I was out on an interview all day yesterday when some news broke on the city of San Diego’s approach to homelessness:

The city’s Housing Commission officially released its recommendations on a long-awaited plan for a permanent homeless services facility, often called the “one-stop center” where homeless and extremely low-income residents will be linked to housing and services.

The gist of the plan is this: Renovate the city-owned World Trade Center on 6th Avenue into a permanent homeless shelter, with transitional and permanent housing for up to 225 people.

The center would provide medical services, drug and alcohol treatment and mental health screening on-site, services often touted as key components for moving people out of homelessness for good.

Here are a couple of rundowns of the news, from the U-T and from CityBeat.

I’m still going through the information that came out yesterday myself. Help me out if you see anything I should follow up on in the Housing Commission report, the Land Use and Housing Committee agenda for Wednesday’s meeting, or the report from City Planning and Community Investment Department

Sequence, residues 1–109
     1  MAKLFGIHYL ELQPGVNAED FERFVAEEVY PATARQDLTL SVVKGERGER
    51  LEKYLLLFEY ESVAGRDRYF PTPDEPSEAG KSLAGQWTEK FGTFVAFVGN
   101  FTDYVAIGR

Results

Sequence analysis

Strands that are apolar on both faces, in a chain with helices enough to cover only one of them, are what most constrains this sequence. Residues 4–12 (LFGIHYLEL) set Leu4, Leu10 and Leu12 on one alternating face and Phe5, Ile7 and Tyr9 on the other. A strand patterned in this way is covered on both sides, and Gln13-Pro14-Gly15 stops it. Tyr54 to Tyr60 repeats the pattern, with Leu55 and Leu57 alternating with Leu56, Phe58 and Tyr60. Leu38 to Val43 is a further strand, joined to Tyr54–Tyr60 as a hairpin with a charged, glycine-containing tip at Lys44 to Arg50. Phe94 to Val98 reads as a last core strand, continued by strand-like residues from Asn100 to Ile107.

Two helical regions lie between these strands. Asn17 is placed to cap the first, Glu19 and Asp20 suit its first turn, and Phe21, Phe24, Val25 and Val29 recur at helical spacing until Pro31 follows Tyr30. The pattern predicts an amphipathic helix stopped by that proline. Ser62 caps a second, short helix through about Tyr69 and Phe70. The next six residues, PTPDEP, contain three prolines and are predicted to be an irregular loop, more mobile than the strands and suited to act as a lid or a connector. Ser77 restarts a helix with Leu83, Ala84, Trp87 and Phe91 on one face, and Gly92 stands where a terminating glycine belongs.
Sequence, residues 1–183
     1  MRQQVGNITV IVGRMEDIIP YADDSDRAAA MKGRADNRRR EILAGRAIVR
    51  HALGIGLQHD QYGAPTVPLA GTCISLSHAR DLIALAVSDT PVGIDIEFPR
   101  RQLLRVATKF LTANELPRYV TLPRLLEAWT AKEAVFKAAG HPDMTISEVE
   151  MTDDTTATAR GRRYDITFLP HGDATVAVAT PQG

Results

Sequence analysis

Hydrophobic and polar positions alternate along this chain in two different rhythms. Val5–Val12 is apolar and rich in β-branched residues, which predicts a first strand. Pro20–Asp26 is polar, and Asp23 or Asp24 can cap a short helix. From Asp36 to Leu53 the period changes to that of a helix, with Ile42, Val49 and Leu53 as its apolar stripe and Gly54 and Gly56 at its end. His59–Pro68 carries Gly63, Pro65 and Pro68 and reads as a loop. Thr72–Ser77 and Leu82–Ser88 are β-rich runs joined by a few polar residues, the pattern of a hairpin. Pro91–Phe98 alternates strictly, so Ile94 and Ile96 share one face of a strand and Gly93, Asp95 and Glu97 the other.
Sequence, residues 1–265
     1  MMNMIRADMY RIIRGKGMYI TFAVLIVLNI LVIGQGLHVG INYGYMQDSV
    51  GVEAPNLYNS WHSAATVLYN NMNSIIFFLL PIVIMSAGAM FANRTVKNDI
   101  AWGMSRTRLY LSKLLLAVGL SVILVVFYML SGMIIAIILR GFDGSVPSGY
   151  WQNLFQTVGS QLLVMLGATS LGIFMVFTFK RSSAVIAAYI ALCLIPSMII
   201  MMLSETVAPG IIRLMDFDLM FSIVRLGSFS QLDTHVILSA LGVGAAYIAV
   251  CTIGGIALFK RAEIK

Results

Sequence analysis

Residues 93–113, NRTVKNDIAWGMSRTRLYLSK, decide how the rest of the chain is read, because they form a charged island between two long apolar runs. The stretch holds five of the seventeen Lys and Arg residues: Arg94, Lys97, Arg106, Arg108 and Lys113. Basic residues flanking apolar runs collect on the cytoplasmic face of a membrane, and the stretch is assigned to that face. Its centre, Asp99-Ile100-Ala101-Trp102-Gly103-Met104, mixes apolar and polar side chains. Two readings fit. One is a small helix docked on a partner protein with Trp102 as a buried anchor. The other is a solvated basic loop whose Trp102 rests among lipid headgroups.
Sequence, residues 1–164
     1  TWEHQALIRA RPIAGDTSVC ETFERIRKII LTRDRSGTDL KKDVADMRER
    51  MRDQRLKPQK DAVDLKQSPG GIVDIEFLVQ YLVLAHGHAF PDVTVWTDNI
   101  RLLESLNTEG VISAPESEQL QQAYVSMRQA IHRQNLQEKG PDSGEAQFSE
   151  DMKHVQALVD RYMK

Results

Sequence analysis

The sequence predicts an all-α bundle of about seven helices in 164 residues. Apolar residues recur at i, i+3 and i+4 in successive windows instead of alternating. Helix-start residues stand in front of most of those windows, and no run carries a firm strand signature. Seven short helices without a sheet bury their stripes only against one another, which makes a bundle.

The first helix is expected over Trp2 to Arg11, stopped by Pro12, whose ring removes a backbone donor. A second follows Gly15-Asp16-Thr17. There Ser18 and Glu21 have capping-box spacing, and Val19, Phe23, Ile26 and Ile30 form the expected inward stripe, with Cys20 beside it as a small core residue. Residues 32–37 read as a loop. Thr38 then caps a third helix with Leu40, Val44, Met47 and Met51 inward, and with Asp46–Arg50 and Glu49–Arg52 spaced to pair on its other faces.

The process for this proposal has been long. Last July, the Housing Commission told me the committee was “a month away from picking a plan for a new one-stop center.”

In August, they said to “cross your fingers for October.”

In October, they told me that month wasn’t the month.

Now it’s April, and the recommendations will go to the City Council’s Land Use and Housing Committee on Wednesday at 2 p.m.

Some background on the process from the Housing Commission’s release:

The City Council’s Land Use and Housing Committee started the process in December 2008 by approving a draft request for homeless center proposals.

The selection committee reviewed proposals that were submitted by various nonprofit groups. Those were narrowed to two finalists: Father Joe’s Villages and the partnership of PATH Ventures and Affirmed Housing.

A report published in 2009 by the Regional Task Force on the Homeless estimated there were 4,338 homeless persons living in the city of San Diego. Of those, 1,868 persons were living on the streets, 656 were living in emergency shelters and 1,814 were living in transitional housing.

The lack of shelter beds for the homeless was a major factor in a 2007 legal settlement that forced San Diego police to cease ticketing homeless people for “illegal lodging,” or sleeping on sidewalks, doorways and vacant lots between 9 p.m. and 6 a.m.


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